Just to be arrogant and quote myself from three months ago:
I’ve been telling people for months that Republicans have no interest in stopping health care legislation. People like Rush Limbaugh have marveled out loud about why Congressional Republicans aren’t being more vocal and active in opposing it. There is a perfectly reasonable explanation for that. Because they don’t oppose it, as is evidenced in the above video. The only reason they have given passive resistance to it for the last few months is that it’s good positioning for campaign donations and re-election.
You have to begin looking at all politics from the angle of “who wins? who loses?” So let’s do that. If health care passed right now, would the Republicans lose? No. They’ll just claim that they tried hard to fight it, but didn’t have enough numbers on their side. They will still be re-elected and Democrats will get hammered in November. Plus, now they can enjoy the same benefits the Democrats wanted. Namely, large new campaign contributions from the healthcare lobby. That’s a win for them.
So, what if health care doesn’t pass. Do Republicans lose? No. They still get re-elected in November on the idea that they defeated the bill, and Democrats get hammered. They also still get massive campaign contributions from an energized base. That’s a win for them also.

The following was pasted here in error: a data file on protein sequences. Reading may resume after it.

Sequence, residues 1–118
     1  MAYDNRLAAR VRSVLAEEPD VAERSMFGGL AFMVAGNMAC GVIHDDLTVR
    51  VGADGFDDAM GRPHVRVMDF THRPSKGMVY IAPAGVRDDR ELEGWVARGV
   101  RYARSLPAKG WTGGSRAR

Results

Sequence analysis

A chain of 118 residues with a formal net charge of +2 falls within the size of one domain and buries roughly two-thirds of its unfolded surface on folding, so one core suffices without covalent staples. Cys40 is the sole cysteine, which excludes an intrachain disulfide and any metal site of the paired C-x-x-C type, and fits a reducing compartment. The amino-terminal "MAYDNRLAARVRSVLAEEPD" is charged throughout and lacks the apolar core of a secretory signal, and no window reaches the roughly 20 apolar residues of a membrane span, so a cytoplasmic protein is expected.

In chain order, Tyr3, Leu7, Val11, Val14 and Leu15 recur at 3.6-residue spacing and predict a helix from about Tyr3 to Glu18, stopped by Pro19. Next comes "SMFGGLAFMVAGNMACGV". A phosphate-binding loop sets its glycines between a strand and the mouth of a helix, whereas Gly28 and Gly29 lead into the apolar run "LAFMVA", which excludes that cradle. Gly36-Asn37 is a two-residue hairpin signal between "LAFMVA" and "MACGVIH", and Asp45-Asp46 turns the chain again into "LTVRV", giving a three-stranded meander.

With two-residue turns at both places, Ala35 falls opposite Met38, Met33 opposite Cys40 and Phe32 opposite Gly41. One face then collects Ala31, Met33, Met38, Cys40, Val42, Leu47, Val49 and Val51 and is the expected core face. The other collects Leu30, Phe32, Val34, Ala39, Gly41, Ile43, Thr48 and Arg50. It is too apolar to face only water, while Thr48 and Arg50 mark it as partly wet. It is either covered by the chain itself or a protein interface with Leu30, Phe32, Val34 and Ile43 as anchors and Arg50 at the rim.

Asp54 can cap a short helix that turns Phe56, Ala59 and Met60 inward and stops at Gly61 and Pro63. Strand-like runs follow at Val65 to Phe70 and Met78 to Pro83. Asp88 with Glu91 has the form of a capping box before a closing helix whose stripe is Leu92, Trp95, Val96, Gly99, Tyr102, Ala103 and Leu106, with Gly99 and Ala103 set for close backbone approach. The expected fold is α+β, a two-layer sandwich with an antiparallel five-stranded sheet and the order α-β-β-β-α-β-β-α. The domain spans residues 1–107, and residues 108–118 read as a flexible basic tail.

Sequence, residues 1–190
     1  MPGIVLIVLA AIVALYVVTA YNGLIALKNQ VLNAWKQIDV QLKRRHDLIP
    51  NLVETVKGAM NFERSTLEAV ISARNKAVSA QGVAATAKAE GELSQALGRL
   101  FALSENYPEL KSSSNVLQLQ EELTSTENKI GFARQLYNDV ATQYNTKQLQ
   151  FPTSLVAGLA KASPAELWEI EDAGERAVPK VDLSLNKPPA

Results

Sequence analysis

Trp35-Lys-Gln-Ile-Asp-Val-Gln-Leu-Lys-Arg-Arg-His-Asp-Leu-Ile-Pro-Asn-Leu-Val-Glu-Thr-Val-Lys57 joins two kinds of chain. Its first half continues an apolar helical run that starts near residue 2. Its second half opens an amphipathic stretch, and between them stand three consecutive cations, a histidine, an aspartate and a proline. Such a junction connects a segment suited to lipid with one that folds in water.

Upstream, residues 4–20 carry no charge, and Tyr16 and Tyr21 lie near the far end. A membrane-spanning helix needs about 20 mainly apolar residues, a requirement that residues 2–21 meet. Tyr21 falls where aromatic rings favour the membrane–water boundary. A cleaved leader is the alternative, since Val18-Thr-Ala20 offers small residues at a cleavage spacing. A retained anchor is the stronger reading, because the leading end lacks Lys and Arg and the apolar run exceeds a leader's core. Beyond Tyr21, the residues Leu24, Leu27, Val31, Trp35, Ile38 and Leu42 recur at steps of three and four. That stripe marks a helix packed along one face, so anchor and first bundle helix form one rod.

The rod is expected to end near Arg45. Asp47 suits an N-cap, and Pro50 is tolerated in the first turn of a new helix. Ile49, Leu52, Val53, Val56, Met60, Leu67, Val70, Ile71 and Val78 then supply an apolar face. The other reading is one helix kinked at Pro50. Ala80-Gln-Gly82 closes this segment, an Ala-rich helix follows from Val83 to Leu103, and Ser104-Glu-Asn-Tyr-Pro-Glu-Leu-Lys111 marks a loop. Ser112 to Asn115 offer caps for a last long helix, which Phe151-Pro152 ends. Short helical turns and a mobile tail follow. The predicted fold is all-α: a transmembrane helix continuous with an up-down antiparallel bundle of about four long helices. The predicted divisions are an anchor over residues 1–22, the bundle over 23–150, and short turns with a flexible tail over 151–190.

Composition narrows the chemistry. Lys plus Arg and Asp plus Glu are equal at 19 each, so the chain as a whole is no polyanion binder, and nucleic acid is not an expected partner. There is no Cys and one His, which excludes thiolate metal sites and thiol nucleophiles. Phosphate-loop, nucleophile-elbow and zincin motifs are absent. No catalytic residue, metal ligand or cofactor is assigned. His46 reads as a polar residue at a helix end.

See what I mean? That’s how politics works. Smart politicians always set themselves up to win on both sides of potential legislation. Values and ideology in Washington are like unicorns and fairies. They don’t exist.
And so, today, we have this little nugget of a story from AP:
GOP Sees Risks in Push to Repeal Health Law
Republican leaders are stepping cautiously, wary of angering staunchly conservative voters bent on repealing the new law. In recent public comments, they have quietly played down the notion of repealing the law while emphasizing claims that it will hurt jobs, the economy and the deficit.
Asked if he advises Republican Senate candidates to call for repealing the law, Cornyn said: “Candidates are going to test the winds in their own states. … In some places, the health care bill is more popular than others.”
On Tuesday, Cornyn issued a 1,280-word campaign memo that mentioned “repeal” only once. It did not advocate repeal but noted that in a recent poll, “46 percent of respondents support a full repeal” of the health law.
Three weeks ago, Cornyn told reporters he thought GOP Senate candidates would and should run on a platform of repealing the legislation.
Ah. So the Republicans are cool with the bill after all? Surprise, surprise. Fire up the base for the fight and then cool ‘em down when it’s over. It’s all clockwork. It’s almost as if it was planned that way.